Some countries are located so close to the continental lines that it is difficult to see which they are a part of. Egypt is a great example of this as parts of this country has territory on the continent of Africa and the continent of Asia. Egypt is a Mediterranean country that is situated in both the northeastern corner of the African continent and the southwestern portion of Asia, making Egypt a contiguous transcontinental country which means that the country has territory on more than one continent.
The geographical coordinates of Egypt range from 24.09082 to 31.5084 latitude and from 25.51965 to 34.89005 longitude.
The Suez Canal runs through the middle of Egypt and serves as the dividing line between the two continents. Bordering countries include Israel at the northeastern border, Libya to the west, and Sudan to the south. Egypt is bordered by the Red Sea to the west and the Gulf of Aqaba to the east. The part of Egypt that lies on the Asian continent is the Sinai Peninsula. The majority of Egypt is located on the African Continent (including all of its major cities) which is why most would say that Egypt is part of the continent of Africa.
Egpyt Continental Map
The map below shows how the Suez Canal divides the country of Egypt. The larger portion to the west falls in Africa while the smaller portion on the eastern side of the Suez falls in Asia.
Egypt’s Cities and Towns
With over 88 million citizens living within its borders, Egypt has the 16th largest population count on the planet. Egypt’s capital city, Cairo, is a sprawling metropolis set primarily on the banks of the Nile River and has a population of more than 7 million. The country’s next largest city, Alexandria, boasts 3.8 million people, and the third largest, Al Jizah, has 2.4 million inhabitants. There are 34 more cities situated within Egypt’s borders that have populations of over 100,000 people.
Approximately 57 million citizens of Egypt live in towns with populations of less than 100,000 or in rural areas.
Egypt’s Geography and Climate
The majority of Egypt’s land mass is desert. However, the country’s extremely fertile Nile Valley is where 99 percent of the country’s people actually live. Without the mighty Nile, all of Egypt would be desert. At 4,160 miles, the Nile River is one of the longest rivers on Earth. Although commonly associated with Egypt, the Nile actually spans 11 countries, including Kenya, Ethiopia, Rwanda, Tanzania, and Uganda.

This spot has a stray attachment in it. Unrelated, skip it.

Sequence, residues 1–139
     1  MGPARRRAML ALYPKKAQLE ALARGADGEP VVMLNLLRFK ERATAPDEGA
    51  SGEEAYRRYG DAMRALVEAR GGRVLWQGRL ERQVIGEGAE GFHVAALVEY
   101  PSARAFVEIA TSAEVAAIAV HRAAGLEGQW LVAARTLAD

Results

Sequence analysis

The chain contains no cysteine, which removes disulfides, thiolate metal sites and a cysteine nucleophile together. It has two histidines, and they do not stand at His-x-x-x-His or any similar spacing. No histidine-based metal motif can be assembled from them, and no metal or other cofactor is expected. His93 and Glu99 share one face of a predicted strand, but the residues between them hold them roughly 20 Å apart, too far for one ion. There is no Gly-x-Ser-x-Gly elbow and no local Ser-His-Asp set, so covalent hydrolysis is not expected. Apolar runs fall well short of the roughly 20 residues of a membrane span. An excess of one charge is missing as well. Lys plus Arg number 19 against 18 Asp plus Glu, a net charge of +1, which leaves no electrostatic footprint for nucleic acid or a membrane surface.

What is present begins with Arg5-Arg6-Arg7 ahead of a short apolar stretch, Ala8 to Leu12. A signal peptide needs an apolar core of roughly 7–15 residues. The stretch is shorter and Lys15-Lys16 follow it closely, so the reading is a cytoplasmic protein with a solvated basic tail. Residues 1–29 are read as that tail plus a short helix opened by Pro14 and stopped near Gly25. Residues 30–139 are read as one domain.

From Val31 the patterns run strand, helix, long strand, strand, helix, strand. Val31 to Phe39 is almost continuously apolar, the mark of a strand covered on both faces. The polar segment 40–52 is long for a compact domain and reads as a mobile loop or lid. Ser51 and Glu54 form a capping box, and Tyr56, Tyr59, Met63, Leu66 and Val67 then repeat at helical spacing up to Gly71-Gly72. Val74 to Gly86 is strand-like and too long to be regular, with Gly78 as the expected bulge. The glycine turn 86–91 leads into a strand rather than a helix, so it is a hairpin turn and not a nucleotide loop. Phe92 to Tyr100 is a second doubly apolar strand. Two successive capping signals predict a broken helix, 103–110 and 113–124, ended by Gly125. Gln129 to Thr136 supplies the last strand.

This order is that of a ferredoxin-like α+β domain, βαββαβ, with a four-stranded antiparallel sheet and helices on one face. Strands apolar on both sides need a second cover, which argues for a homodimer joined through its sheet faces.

The Nile River flows south to north throughout the entire country of Egypt. The extremely verdant Nile Valley has provided Egypt with an abundance of agricultural wealth since ancient times. The annual flooding cycle of the river was pivotal in the Nile Valley’s establishment as a major agricultural center. The Nile River also served as a highway that joined the region together to the extent that land travel was virtually unknown prior to the 19th century.
Four physical regions exist within Egypt’s borders. They are the Nile Valley, the Western Desert, the Eastern Desert, and the Sinai Peninsula. As mentioned previously, the Sinai Peninsula is the only portion of the country that’s located on the Asian continent, and the Nile Valley runs from the northern to the southern border of Egypt. The Western Desert area extends from the Nile Valley to the eastern border of Libya, and the Eastern Desert ranges east from the Nile Valley to the western shores of the Red Sea.
Egypt has a hot desert climate that’s extremely arid with the exception of the land along the northern coast of the Mediterranean Sea, where significant rainfall occurs during the winter months. The top of Mt. Sinai, which is situated on the Sinai pendular and rise to more than 7,000 feet above sea level, is often dusted with seasonal snowfall.
Egypt’s Rich Cultural History
Ancient Egypt was one of the earliest civilizations on Earth and has more 6,000 years of recorded history under its belt. Long renowned for amazing hieroglyphs, mysterious, majestic pyramids, the inscrutable Great Sphinx of Giza, and the temple of Abu Simbel, Egypt cultivated and maintained a vibrant culture that profoundly influenced the arts, customs, and social institutions of emerging nations in the Middle East, Europe, and the African continent.
Even today, many aspects of ancient Egypt interact with modern elements. For instance, the pyramid form remains an essential component in present-day architecture in Egypt. Ancient Egyptian scholars also pioneered the concept of the phonetic alphabet, which has served as the foundation for all Western languages. Paper also has its roots in ancient Egypt, and Egyptian scientific culture provided the groundwork for Western medicine. Surgical tools were found when the Tomb of Qar was opened in December of the year 2006.
Egypt in Modern Times
Today’s Egypt is a combination of past and present and encompasses a wide mixture of traditions. Modern skyscrapers loom toward the sky next to historic mosques in a complex cultural tapestry, offering an opportunity to experience both worlds at once that is only found in a very few other places on planet Earth.